September 27, 1996 in Seven

Summers Lessons: Kid Films Are Dead

Judy Brennan Los Angeles Times
 

With the prestige pictures of autumn and the holidays about to land, movie executives are trying to draw some final lessons from the vexing summer of ‘96.

It was a 17-week moviegoing period that featured huge blockbusters and ticket sales up 1 percent over last year, yet suffered an Olympic-size box-office flameout from which the industry still hasn’t fully recovered.

It was a tough time for numerous family films (anybody actually see “Flipper,” “The Adventures of Pinocchio,” “Alaska” or “The Stupids”?) and a mixed one for star vehicles (the disappointing “Cable Guy,” “Striptease” and “Jack” were balanced by the success of “Nutty Professor” and “Mission: Impossible”). The biggest stars, however, were the special effects of “Independence Day” and “Twister.”

And in a bit of counter-intuitive thinking, Hollywood-style, the concept that small-budget films are riskier than big-budget ones was reinforced.

So exactly what lessons were learned depend, of course, upon whom you ask. And nobody knows if any of this will even apply next summer, with the “Jurassic Park” sequel and a bulging pack of “event” films already scrambling studio plans.

Martin Schafer, president of Castle Rock Entertainment, says he’s learned to resist the temptation of some kid-friendly films.

“The death of the family movie - that is the footnote for summer ‘96,” he said. “We had a beautiful film this summer called ‘Alaska.’ It cost $18 million and by any standard was extremely well-made for that price … a beautiful family film. Then you see other films like ‘Kazaam,’ ‘Carpool,’ ‘Matilda,’ ‘Harriet’ and ‘Flipper’ tank. Even ‘A Very Brady Sequel,’ which opened to strong critical reviews and followed the success of a previous hit, fell short.

“I guess the only thing anyone in this business can think is that parents are hypocritical when they demand kid movies but don’t take their kids to see them,” he added. “I’m sad to say this, but I will certainly think 17 times before I make another ‘Alaska.”’

Even Disney’s animated “Hunchback of Notre Dame,” which has taken in $97 million domestically, didn’t come close to the studio’s earlier animated blockbusters, such as “The Lion King” and “Aladdin.”

Bill Mechanic, president of 20th Century Fox, who hails from Disney and knows the genre inside out, saw the demise of traditional family fare coming.

“We made a strategic move to get out of the kid movie business, as we’ve known it, a year ago,” said Mechanic, whose studio released the summer’s biggest blockbuster, “Independence Day.” “Kid-oriented movies have been in trouble. (PG-13-rated) ‘Nutty Professor’ and ‘Independence Day’ have become the kid movies, the new family films.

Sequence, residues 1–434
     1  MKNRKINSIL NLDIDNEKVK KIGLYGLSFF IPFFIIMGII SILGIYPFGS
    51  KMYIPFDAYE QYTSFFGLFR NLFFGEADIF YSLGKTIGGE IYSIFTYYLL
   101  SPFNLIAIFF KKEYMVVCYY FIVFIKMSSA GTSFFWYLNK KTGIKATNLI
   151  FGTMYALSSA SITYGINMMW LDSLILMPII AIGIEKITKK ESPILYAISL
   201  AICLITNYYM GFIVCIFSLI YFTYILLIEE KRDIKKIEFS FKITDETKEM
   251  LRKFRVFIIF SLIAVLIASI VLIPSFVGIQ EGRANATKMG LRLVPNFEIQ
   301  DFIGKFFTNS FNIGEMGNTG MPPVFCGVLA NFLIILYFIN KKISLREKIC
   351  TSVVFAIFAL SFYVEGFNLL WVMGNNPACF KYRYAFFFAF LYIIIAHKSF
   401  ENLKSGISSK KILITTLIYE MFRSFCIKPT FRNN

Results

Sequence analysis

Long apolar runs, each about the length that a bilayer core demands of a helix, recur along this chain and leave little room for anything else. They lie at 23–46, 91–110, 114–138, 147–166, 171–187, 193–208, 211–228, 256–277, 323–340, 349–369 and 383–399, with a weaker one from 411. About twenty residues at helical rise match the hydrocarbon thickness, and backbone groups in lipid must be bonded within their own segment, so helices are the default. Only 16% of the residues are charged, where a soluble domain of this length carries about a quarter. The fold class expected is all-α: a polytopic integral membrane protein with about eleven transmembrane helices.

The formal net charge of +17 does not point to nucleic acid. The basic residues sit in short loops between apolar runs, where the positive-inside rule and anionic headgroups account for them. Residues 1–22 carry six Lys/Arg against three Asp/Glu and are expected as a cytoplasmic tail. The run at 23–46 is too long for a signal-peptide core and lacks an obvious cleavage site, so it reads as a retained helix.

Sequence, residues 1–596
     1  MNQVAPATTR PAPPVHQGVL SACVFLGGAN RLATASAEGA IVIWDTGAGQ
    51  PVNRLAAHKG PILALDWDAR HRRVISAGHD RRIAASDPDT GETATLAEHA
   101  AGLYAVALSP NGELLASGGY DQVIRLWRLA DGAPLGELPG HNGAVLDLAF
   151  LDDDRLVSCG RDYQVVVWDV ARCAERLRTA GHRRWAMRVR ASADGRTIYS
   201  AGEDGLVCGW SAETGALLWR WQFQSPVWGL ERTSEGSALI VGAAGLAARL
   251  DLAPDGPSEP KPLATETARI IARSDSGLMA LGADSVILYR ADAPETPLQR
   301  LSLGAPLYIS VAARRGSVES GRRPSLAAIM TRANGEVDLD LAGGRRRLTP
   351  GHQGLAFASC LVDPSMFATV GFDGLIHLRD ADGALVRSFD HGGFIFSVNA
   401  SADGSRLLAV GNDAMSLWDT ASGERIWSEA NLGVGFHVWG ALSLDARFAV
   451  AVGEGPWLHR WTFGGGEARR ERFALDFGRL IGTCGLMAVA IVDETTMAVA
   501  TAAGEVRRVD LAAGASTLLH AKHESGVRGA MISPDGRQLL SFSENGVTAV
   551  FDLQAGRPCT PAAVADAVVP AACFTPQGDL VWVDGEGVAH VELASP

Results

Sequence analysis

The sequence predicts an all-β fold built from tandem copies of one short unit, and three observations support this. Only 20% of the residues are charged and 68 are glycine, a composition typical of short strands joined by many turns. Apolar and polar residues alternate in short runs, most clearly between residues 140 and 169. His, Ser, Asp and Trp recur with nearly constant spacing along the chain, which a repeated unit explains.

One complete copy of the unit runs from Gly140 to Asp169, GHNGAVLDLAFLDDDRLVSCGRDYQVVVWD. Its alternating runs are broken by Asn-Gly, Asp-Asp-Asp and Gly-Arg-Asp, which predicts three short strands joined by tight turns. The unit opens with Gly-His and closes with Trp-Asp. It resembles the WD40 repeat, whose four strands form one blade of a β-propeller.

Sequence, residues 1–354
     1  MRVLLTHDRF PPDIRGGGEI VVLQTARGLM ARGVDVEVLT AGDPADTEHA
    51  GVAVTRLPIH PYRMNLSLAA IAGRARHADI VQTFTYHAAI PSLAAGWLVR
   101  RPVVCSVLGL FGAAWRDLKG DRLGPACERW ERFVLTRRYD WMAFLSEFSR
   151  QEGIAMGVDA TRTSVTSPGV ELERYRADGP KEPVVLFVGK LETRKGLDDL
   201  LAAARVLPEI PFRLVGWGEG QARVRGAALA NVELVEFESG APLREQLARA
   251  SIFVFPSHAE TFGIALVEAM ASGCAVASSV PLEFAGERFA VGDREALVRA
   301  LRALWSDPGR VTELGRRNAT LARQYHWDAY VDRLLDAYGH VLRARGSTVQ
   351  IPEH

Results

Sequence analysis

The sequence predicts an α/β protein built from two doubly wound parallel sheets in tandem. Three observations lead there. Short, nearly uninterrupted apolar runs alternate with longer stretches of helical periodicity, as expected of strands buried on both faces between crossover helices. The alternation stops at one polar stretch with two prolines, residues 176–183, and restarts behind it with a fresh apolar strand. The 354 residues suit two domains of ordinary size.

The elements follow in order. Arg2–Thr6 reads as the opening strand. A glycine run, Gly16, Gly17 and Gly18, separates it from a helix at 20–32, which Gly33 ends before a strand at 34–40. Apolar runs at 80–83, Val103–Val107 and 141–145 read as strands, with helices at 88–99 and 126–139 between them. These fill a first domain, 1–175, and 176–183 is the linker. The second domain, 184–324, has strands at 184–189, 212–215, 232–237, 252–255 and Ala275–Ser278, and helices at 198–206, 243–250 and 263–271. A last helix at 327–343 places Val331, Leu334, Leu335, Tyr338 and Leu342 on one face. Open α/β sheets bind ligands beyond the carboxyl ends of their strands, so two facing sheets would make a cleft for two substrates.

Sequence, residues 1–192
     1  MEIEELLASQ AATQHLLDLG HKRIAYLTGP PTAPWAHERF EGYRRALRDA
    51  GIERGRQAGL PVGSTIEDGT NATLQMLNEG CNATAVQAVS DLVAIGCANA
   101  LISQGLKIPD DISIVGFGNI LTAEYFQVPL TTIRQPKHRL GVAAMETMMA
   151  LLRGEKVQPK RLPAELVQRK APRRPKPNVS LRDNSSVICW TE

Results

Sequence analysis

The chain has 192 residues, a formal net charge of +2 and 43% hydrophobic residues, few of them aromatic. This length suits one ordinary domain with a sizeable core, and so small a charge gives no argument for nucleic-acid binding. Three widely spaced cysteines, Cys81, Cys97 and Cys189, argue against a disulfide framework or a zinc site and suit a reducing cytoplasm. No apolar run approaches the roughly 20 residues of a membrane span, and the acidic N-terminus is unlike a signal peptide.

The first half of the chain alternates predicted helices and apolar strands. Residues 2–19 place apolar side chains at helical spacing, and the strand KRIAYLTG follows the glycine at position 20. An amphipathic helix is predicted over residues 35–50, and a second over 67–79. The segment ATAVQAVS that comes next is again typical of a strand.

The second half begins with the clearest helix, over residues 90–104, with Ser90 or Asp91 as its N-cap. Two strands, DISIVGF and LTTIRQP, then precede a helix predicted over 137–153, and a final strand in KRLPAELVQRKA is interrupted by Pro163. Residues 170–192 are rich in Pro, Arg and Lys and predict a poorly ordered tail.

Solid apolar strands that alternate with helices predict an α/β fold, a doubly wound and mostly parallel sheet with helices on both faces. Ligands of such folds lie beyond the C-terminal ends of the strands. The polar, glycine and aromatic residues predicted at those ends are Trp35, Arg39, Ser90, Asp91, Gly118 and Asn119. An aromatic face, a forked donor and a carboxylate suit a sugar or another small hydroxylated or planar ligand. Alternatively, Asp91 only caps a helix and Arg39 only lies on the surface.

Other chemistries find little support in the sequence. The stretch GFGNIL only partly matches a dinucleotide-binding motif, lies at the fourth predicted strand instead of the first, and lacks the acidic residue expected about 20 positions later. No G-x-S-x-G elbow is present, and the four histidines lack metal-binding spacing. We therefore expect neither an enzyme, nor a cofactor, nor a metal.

“‘ID4’ worked this summer because it was fresh, something different. But if you look at the action genre overall, what you learned from this summer was that it needs reinvention. You can’t get away with just explosions and a big action star anymore. Look at ones that didn’t work as well as they would have in summers past.”

A prime example is Arnold Schwarzenegger’s costly “Eraser,” which finally cracked $100 million at the box office this week - its 13th week in theaters. By comparison, Nicolas Cage and Sean Connery’s “The Rock” and Tom Cruise’s “Mission: Impossible” hit nine figures much quicker.

But all three of these starstudded action films were outdone by two films with far lower star wattage.

“I don’t want to overstate the obvious, but there’s a reason why ‘Twister,’ which was first out, and ‘ID4’ did well,” Mechanic said. “Special effects was the star.”

And now, he says, Hollywood will have to keep upping the ante in that realm as well. But such hefty spending makes pictures more, not less, appealing to produce, according to some in the industry.

“Except for the interruption of the Olympics midstream, a little armchair analysis would probably leave you with this: It is less risky to make five $80 million-plus pictures than five $20 million pictures,” said Craig Jacobson, of the entertainment law office of Hansen, Jacobson, Teller & Hoberman, which represents several top Hollywood clients.

“Now that you’ve caught your breath try and understand the reasoning: Maybe the potential loss is so much less on a smaller budget picture, but the hunger for movie spectacular is so much greater.”

So what’s the forecast for next summer’s strategy? Ask producer Mark Gordon, who rolled out the 1994 sleeper hit “Speed” and who is working on Paramount’s “The Flood,” an action thriller starring Christian Slater, Morgan Freeman, Randy Quaid and Minnie Driver, planned for next summer. The budget is said to be between $60 million and $70 million.

“I know what people are saying but I don’t look around at the trends now and build my picture from there. It doesn’t mean anything,” Gordon said. “It comes down to simply telling the best story you can for the best price you can. That’s the real economics.”

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